The Sad End of Policarpo Quaresma / Triste fim de Policarpo Quaresma
Translated and annotated by Mark Carlyon
The end of the 19th century was a time of great upheaval in Brazil. The new republic, founded by an alliance between positivist idealists and the military with virtually no popular support, got off to a difficult start. Its unwilling first president lasted less than two years in office. But the army had no intention of losing what it had gained. The vice president, Marshal Floriano Peixoto, seized power, ignoring the recently promulgated constitution that required new elections, and proceeded to confront rebellions on two different fronts. The first took place in the capital; it was led by three naval officers who gained control of the Guanabara Bay, from where they proceeded to shell the city. The second, in the south, was the re-emergence of an older problem, the aspiration of the southern states to break away from the Union.
Floriano, the usurper of power, the military dictator, the centre of a cult of authoritarianism, with his mediocre character and ruthless elimination of all opposition, is in many ways the central character around which Lima Barreto’s story and its characters revolve. As he tells it, he gives us a vivid picture of the inhabitants of Rio de Janeiro in the early 1890’s: Albernaz and Bustamante, promoted through the ranks to retire as a general and an admiral, but who had somehow always avoided being sent to the front; Genelício, the pompous, self-serving bureaucrat; Doctor Campos, the populist politician who will stop at nothing to keep his party in power; Coleoni, the Italian immigrant who made his fortune in Brazil but who is excluded from carioca society – and above all the introverted but determined Policarpo, who has made his love of his country into his life’s central mission, a love for which he is to die in the deepest disillusionment.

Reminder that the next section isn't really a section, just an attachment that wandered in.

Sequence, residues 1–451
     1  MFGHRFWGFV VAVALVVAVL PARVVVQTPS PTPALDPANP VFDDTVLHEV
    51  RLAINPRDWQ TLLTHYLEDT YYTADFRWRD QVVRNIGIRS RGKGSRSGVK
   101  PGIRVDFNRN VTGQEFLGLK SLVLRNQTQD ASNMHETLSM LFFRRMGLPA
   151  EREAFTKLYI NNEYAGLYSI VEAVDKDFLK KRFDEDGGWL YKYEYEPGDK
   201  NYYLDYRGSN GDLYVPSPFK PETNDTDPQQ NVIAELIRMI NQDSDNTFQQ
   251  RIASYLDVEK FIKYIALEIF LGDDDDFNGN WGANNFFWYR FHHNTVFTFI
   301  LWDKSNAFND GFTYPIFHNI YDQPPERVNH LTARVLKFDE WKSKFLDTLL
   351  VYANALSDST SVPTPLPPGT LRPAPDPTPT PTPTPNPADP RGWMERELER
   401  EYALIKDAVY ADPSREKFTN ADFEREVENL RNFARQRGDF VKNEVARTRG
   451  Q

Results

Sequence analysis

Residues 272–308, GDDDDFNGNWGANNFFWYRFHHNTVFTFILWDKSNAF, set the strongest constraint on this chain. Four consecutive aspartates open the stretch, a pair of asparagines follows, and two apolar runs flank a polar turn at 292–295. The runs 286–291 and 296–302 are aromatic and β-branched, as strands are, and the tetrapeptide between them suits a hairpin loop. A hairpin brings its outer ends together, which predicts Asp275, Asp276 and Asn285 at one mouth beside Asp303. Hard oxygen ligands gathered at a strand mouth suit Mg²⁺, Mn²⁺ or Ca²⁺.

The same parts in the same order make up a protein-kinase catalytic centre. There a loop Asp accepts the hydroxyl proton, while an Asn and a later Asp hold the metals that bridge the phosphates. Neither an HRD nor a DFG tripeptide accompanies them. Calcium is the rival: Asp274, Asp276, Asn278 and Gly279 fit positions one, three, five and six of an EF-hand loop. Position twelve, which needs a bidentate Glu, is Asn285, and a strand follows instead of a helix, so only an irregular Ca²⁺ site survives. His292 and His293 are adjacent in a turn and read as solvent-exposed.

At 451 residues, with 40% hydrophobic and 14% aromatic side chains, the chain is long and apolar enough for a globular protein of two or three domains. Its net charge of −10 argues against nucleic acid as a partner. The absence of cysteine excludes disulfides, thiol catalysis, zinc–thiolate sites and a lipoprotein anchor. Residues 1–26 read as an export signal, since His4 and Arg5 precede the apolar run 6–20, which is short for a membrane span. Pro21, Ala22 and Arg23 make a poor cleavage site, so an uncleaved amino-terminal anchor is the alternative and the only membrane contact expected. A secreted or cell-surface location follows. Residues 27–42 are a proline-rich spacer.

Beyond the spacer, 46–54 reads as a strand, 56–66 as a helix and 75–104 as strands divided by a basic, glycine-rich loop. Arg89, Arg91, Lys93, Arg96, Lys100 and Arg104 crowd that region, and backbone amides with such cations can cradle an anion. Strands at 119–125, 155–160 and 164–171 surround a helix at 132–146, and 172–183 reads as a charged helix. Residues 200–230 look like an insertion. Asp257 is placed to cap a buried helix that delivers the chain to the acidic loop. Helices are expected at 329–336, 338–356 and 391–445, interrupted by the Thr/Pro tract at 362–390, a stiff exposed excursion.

These lives are set in a city that in losing its monarch had lost a large part of its identity; a city traumatised by the struggle for power, against the constant background of a greater trauma still: the Paraguayan War, a war that left sixty thousand Brazilian soldiers dead and thousands more crippled for life, that devastated the country’s self-esteem and destroyed the spirits and the health of the emperor. Barreto’s book denounces war, nationalism, military dictatorships, the system of political patronage and the abuse of human rights; it is as relevant today as it was when he wrote it a hundred years ago.
Since then, Lima Barreto has become a Brazilian icon. The story of his life with his father’s insanity, his cruel rejection by carioca literary society, his poverty and alcoholism, is in itself as extraordinary as anything that could be produced by fiction.